2. Increased Independence: By promoting neuroplasticity, stroke rehabilitation can help individuals regain their independence and reduce their reliance on caregivers.
  3. Reduced Disability: Neuroplasticity can help reduce the degree of disability caused by stroke. This can improve quality of life and reduce the burden on the healthcare system.
  4. Faster Recovery: By promoting neuroplasticity, stroke rehabilitation can help individuals recover faster and return to their pre-stroke level of function.
  5. Improved Cognitive Function: Neuroplasticity can also help improve cognitive function after stroke, including memory, attention, and problem-solving skills.
  6. Improvement Years Later: Neuroplasticity-based rehabilitation can help individuals see improvement even if it has been years since the injury occurred and you feel you plateaued.


To promote neuroplasticity in stroke rehabilitation, it is important to provide experiences that challenge the brain and stimulate the creation of new connections between neurons. Here are some ways to promote neuroplasticity in stroke rehabilitation:

  1. Task-Specific Training: Task-specific training involves practicing activities that are relevant to the individual’s goals and needs. This can include physical activities, such as walking or reaching, or cognitive activities, such as problem-solving or memory tasks.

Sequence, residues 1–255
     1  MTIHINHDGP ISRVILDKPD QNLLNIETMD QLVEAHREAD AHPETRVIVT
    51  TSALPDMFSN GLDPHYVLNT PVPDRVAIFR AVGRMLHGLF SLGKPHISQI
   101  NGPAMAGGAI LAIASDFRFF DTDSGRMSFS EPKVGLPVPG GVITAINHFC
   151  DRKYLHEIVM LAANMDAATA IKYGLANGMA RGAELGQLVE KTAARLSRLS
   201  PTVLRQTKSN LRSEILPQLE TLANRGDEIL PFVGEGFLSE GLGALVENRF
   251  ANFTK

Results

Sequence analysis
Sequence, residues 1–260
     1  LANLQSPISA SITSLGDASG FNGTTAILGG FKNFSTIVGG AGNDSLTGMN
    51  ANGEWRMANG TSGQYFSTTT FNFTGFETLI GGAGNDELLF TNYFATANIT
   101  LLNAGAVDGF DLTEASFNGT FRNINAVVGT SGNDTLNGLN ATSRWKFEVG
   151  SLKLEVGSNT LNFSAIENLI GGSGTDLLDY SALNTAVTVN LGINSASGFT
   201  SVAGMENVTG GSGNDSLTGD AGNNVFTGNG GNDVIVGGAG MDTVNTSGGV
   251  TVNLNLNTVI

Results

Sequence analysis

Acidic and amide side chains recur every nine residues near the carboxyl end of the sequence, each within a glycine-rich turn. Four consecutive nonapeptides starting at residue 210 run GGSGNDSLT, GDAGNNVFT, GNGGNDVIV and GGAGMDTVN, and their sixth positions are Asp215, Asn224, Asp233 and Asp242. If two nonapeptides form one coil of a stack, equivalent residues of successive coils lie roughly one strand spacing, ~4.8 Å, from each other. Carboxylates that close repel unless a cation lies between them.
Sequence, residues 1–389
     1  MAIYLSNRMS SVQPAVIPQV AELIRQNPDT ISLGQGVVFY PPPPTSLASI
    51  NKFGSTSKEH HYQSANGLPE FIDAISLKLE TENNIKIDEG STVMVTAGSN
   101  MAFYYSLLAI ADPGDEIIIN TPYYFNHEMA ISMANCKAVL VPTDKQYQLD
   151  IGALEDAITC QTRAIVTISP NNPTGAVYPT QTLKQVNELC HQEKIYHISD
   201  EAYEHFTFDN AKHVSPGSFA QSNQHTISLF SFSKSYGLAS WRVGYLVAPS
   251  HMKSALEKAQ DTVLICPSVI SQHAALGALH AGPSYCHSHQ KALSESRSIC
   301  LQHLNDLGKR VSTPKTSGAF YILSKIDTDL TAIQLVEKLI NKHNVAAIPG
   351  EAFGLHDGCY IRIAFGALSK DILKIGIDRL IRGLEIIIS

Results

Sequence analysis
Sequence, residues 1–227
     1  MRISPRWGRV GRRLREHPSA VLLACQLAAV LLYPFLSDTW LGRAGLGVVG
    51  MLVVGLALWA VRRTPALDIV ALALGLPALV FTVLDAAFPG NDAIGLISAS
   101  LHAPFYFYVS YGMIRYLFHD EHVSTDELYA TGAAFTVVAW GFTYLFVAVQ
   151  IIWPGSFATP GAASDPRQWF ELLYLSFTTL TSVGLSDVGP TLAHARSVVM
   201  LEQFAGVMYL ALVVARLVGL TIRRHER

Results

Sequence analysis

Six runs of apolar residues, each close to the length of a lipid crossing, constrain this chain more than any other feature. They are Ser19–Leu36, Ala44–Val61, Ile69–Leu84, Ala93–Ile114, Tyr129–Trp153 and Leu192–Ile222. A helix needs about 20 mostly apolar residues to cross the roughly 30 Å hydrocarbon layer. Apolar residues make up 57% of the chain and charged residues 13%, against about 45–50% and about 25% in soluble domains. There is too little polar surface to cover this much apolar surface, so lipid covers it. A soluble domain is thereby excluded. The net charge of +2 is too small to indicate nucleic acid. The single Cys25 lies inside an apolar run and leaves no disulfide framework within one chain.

2. Repetitive Practice: Repetitive practice involves repeating the same task multiple times to reinforce the neural connections involved in that task. Think about the brain like a muscle, you wouldn’t do one bicep curl and expect results.
  3. Feedback: Providing feedback on performance can help individuals understand how to improve their performance and create new neural connections.
  4. Intensity: Intensity refers to the amount of time and effort spent on rehabilitation activities. The more something is reinforced with higher intensity rehabilitation the quicker it may lead to better outcomes in stroke rehabilitation.
  5. Novelty: The brain likes new experiences as it challenges the brain and stimulates the creation of new connections. If something starts becoming easy it is time to mix it up.
  6. Multimodal Training: Multimodal training involves combining different types of rehabilitation activities, such as physical and cognitive exercises, to stimulate multiple areas of the brain. This also involves taking task-specific training and stacking the activities together to create synergy for a better outcome.
  7. Environmental Enrichment: Providing a stimulating environment can also promote neuroplasticity in stroke rehabilitation. This can include exposure to music, art, and social activities.